If You Haven’t Had COVID Yet, Here’s What You Should Do To Prepare In Case The Coughs Get Spicy
So, you’re one of the 12 Aussies who doesn’t have COVID rn? Go you! But it might be wise to start preparing for a visit from the ‘rona.
The federal government has warned everyone to prepare to catch it in the coming days and weeks, and experts predict 60 per cent of the population will have had COVID in the next two weeks.
There are currently more than 500,000 confirmed active cases of COVID across the country, with close to a million cases reported during the current outbreak.
The real number is estimated to be higher due to a lack of available testing and NSW residents not yet required to report positive rapid antigen test results.
With but NSW and Victoria’s daily infections not predicted to peak until mid-February, those who’ve managed to avoid Miss Omicron thus far are still fairly likely to get it soon.
Australia????????Cases????Tests????Hospitalisations & Deaths????10/01/2022????
973,470 Cases in AUS
438,024 (+32,713) recovered????
528,565 (+13,011) active????
2,389 (+20) deaths????
963,852 Local (+49,522)
3,523 (+200) in????325 (+25) in ICU
— CovidBaseAU ???????????????? (@covidbaseau) January 10, 2022
Federal deputy chief medical officer Michael Kidd said on Monday many Australians would test positive in January and urged people to prepare.
“It’s important to be prepared because you won’t be able to go to your supermarket or pharmacy if you are diagnosed with COVID-19,” he said.
So if you get it, what do you need?
Take it from someone whose entire household caught the ‘vid on the same day and had to rely on friends and family to drop supplies off — there are a few things you can do while you’re still able to go to the shops.
Hit up the chemist
Make sure you’re fully stocked with paracetamol (eg Panadol) and ibuprofen (eg Nurofen) to treat symptoms such as fever, aches and pains.
Decongestants such as pseudoephedrine, the active ingredient in some cold and flu pills, can also relieve symptoms like runny nose or sinus pains.
Throat lozenges can relieve the Omicron-specific sore throat or a raspy throat from coughing.
And get yourself some electrolytes, either powder, icy poles, or a natural alternative like a coupla slabs of coconut water. Hydration is absolutely key to recovery and managing symptoms, no matter what they are.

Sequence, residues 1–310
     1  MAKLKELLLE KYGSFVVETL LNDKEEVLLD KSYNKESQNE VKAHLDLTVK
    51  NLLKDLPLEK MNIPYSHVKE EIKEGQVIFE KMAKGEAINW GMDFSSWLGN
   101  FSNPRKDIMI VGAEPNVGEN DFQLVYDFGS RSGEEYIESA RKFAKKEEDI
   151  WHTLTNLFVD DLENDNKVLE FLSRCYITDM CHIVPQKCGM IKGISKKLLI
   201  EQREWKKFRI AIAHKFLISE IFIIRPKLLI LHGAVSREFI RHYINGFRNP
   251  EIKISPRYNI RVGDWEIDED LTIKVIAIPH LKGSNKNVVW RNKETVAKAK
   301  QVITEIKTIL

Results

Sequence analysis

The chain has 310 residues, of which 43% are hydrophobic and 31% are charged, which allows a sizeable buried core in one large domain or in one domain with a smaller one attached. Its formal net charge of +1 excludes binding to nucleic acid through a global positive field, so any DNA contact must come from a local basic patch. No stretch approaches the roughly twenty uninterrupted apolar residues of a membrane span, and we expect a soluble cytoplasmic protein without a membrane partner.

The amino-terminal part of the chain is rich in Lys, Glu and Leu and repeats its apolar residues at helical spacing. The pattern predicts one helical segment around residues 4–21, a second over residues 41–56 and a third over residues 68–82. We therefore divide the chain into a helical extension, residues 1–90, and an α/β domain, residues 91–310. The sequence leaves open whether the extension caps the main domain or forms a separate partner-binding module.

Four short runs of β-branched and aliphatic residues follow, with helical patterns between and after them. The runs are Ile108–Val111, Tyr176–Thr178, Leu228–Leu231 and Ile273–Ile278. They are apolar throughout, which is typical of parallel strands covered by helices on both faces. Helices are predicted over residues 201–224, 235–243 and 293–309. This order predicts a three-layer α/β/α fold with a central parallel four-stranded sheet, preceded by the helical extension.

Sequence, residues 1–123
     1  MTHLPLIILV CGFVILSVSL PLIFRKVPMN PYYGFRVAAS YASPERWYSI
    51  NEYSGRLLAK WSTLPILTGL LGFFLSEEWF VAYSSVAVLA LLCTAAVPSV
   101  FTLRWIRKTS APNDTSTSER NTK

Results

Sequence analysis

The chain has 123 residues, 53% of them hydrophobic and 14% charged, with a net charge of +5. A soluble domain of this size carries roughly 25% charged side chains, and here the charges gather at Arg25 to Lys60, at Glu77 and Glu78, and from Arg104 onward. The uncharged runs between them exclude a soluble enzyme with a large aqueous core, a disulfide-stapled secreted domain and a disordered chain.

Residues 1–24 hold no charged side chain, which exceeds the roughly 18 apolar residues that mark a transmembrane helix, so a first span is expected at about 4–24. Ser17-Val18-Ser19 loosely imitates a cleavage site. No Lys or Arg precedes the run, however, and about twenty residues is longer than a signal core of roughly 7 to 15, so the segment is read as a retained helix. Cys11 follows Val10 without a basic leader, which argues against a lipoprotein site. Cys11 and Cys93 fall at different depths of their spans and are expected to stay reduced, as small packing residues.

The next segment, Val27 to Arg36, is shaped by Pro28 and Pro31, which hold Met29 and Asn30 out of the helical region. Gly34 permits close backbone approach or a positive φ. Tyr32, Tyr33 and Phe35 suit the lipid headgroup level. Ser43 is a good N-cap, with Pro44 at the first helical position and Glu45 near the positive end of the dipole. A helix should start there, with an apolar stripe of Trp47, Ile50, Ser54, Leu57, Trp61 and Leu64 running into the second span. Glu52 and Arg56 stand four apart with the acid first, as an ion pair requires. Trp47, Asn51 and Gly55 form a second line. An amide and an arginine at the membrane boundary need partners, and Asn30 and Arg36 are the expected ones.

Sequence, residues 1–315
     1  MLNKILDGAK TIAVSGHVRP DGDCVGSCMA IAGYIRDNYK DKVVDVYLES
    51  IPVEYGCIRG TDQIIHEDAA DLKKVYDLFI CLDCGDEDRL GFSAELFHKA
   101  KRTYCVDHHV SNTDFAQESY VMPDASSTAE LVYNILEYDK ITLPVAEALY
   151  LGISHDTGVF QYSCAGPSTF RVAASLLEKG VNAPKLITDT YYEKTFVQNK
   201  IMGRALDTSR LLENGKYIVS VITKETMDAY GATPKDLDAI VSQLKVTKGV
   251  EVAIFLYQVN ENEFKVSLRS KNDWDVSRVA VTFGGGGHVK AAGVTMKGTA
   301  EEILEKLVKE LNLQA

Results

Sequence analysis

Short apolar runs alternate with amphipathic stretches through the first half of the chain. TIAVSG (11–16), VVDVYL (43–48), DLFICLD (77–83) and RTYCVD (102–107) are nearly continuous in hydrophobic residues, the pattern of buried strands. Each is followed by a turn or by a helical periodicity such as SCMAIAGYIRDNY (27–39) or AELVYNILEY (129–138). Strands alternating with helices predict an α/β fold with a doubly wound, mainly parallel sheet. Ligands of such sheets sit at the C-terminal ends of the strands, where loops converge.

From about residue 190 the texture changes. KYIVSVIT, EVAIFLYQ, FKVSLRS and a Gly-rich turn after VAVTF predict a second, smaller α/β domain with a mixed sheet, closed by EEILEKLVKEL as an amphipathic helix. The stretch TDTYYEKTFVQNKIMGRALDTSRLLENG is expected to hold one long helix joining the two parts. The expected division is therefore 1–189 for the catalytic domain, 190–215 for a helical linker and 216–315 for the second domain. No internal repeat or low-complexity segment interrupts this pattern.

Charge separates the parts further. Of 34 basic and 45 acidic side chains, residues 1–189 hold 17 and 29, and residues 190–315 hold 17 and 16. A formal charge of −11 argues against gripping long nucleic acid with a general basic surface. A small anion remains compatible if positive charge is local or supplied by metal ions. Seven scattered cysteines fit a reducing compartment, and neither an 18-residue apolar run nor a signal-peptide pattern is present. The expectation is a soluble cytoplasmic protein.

Do your grocery shopping
It’s important to make sure you’re eating properly while you’re sick, which means not skipping meals and getting a variety of nutrients.
Your body needs this variety to have the strength to fight the virus, and while we know there’s a food supply shortage at the moment, try shopping at your local small grocer or market rather than supermarket. Ordering fast food might be ~self care~ while you’re sick, but you need the health too, hunny.
Make sure you’ve got a few energy and nutrient-rich staples on hand over the next few weeks, such as dried or tinned legumes, tinned fish, eggs, nuts or nut butters and natural yoghurt. Check you’ve got a few packets of pasta or a big bag of rice in the pantry too.
Coming from experience, a little meal prep goes a long way.
Make and freeze a few portions of daal, curry, pasta sauce or dumplings so you can just grab and reheat on your bad days. It’s way faster than ordering delivery anyway.
Prepare your home
If you live with others, make sure you have a plan for how you’ll handle the space if one of you gets sick. Isolating in your room is tough, but it could be necessary.
Even if you may not feel super anxious about catching COVID, your housemate might, so it’s important to have the conversation.
You’re likely going to be spending a lot of time in bed, so you might feel better knowing you’ll be isolating in a somewhat pleasant space.
COVID can be pretty stressful; you don’t want piles of dirty laundry adding to that.
Try to keep your bedroom tidy and make sure you have some clean sheets on hand should you want to freshen up.
COVID can also make the symptoms of asthma and hay-fever worse, so if dust or pet hair sets you off normally, make sure you’re vacuuming regularly in case you get sick.
All in all, may your symptoms be mild and your recovery quick. But should you need medical attention, make sure your loved ones know you’re sick and don’t be afraid to ask for help or a lift to the hospital.
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